Why citizens go missing in action
DEMOCRACY is a wonderful thing - is it not?
Well, an overwhelming majority of citizens who cherish its guaran-teed freedoms and active participatory values would give an unequivocal "yes" to this question.
Democracy's most vocal advocates have been known to argue for the system's revolutionary aspect, even going as far as to place democracy above communism as the world's foremost revolutionary idea.
But don't make the mistake of letting a communist hear you utter such a "provocative" statement, unless you want to be declared a class enemy.
Anyway, the democratic system is actually far more revolutionary than anything else out there.
Think about it: what system allows citizens to take an active role in choosing their preferred leaders and later remove those leaders, through the vote if they have failed to carry out their responsibilities as entrusted to them by the electorate?
Which system allows citizens to air a plethora of contrasting viewpoints and anti-government criticisms without running the risk of being shipped off to political school as often happens in China?
These are the freedoms citizens living in democratic societies have at their disposal, including the estimated 50 million South Africans.
Why then are we such a passive citizenry?
This is one of the issues the Council for the Advancement of the South African Constitution (Casac) grapples with in its report From Subject to Citizen: Let the People Govern.
The report - a submission in response to the National Planning Commission's National Development Plan document - tackles South Africans' timidness in the face of an ever-increasingly dominant state that promises to single-handedly offer solutions to all its citizens' needs, and wants.
Casac's Dr Mamphela Ramphele - though not absolving government's tendency to render South Africans spectators in their own development - laments citizens' passiveness, arguing that this behaviour is a consequence of our failure to make the transition from apartheid to democracy.
"The one actor who has been missing in action is the citizen. When we moved from apartheid to democracy, we seem to have underestimated the transition from being subjects to active participants in a democracy," Ramphela says.
Borrowing from Ramphela's comment, it would seem South Africans have a master-servant relationship with their government.
This is borne out by the daily interactions - often one way - between the government and the people.
Recently the government sent out numerous messages in which it makes known its intent to forge ahead with the much-despised e-tolls.
While there was a public outcry that resulted in unity among various sectors of the population over the issue, it's the government's insistence on moving ahead with the project that lends credibility to the servant-master relationship.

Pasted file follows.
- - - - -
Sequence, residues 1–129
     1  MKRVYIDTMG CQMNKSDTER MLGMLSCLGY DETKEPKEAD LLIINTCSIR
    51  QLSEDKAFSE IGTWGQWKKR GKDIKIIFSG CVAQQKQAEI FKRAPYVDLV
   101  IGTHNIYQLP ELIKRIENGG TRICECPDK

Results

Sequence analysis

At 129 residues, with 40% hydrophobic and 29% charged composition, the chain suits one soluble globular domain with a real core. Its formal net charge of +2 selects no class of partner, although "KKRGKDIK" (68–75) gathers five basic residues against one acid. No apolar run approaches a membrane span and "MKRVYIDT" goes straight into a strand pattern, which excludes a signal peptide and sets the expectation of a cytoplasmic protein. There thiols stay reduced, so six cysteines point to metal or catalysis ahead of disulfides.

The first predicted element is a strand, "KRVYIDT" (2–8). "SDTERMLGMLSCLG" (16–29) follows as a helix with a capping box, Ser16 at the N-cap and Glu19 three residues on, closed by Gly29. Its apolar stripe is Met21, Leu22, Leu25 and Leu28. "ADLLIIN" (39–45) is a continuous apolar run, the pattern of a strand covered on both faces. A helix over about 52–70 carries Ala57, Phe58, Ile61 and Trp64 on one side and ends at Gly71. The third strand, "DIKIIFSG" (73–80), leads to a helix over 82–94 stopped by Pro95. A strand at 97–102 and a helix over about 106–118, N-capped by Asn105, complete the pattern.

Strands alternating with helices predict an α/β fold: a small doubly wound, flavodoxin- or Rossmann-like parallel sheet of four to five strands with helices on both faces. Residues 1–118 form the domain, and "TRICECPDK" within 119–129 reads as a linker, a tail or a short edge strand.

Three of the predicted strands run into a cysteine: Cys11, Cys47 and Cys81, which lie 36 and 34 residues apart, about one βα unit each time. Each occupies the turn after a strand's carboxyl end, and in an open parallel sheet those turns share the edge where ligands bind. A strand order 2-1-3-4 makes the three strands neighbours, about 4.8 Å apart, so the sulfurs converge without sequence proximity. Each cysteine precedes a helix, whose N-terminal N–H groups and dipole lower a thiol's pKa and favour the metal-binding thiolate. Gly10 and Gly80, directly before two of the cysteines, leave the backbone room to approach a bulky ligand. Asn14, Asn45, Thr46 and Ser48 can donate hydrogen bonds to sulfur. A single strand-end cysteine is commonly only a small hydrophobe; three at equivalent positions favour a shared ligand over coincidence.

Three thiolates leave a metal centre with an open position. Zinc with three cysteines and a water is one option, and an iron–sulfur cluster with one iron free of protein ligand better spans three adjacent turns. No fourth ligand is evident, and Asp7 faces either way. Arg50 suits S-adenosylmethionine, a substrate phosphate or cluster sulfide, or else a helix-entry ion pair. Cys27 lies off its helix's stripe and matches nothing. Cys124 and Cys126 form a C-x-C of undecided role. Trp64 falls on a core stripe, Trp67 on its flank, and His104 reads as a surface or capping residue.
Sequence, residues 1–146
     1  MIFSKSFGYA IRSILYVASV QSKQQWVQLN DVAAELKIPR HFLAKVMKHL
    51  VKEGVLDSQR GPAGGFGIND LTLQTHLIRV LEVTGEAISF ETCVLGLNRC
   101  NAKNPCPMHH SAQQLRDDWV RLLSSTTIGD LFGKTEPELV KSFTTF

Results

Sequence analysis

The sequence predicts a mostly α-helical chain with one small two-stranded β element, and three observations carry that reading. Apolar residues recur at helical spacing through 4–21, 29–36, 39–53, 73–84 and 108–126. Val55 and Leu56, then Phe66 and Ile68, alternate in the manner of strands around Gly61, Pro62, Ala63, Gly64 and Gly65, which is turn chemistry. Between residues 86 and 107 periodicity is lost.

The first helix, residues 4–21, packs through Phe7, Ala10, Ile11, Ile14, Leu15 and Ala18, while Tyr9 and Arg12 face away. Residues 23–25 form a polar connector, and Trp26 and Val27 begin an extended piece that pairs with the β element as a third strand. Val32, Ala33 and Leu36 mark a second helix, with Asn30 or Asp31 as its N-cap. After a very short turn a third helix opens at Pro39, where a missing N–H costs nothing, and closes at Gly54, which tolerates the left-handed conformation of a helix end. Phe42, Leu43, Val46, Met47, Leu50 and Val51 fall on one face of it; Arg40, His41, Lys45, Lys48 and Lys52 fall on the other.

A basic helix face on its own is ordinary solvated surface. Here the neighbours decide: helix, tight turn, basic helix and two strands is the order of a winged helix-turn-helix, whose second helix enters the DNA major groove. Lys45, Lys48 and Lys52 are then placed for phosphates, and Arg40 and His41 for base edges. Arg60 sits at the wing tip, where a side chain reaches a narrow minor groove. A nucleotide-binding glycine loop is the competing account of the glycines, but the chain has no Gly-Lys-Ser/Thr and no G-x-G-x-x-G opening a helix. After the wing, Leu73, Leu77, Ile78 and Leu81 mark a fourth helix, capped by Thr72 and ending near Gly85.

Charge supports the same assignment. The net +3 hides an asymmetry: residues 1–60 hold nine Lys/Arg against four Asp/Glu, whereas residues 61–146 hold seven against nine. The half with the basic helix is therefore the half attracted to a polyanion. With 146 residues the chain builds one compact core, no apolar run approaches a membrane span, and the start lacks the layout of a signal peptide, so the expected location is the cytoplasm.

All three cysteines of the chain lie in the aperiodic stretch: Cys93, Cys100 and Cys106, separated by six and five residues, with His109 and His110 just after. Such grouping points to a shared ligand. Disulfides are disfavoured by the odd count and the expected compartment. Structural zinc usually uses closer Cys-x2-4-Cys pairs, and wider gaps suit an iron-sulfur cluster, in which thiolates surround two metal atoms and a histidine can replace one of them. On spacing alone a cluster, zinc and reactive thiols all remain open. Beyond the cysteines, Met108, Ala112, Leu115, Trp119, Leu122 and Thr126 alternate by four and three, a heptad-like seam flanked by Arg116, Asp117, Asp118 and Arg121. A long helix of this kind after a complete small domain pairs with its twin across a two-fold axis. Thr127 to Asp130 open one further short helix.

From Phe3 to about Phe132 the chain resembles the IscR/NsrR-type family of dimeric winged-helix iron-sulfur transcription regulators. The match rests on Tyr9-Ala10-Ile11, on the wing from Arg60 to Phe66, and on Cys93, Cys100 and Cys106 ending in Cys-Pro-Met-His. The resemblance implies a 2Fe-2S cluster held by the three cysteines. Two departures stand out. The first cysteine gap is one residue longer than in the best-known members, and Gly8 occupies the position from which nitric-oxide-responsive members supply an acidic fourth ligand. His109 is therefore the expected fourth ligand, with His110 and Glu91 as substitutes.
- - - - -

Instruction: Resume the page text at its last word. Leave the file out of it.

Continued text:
In the minds of government mandarins, once the master has issued an instruction it is the servant's duty to obey such an instruction.
But this begs the question: why would a democratically elected government, which owes its existence to the electorate, treat the same electorate with such disdain?
Well, it could be argued that the disdain emanates from the prime position the government finds itself in as the self-declared solely capable provider of South Africans' remedies.
This is an extremely powerful position to find oneself in.
It is this government, as millions are so often reminded, that has provided free electricity, water and houses to those who would otherwise have been left in the lurch.
So it would not be far off to imagine a government official asking: "We've given you free houses, water and electricity. What more do you want?"
Perhaps as a sign of how beaten-down we are, it would also not be far off the markto imagine many citizens resigning themselves to a life as subjects to an all-conquering government by asking with their arms folded: "Re tla re eng?" (What can we say?)
To combat this, Casac's report proposes a mindset shift.
"There is therefore a need to shift mindsets of South Africans from those of subjects to citizens. While the Constitution promotes the values of accountability and transparency, it is not possible for the government to be properly accountable to disengaged and disempowered citizens," the report states.
What the report does not propose is how citizens who have come to expect everything delivered to them on a silver platter by the government, should wean themselves off such patronage.
After all, what alternatives are out there in the world for millions of people who don't possess even the basic skills to compete in an economy as advanced as ours.
The government, it would seem, is their only hope and the government knows this all too well. - firstname.lastname@example.org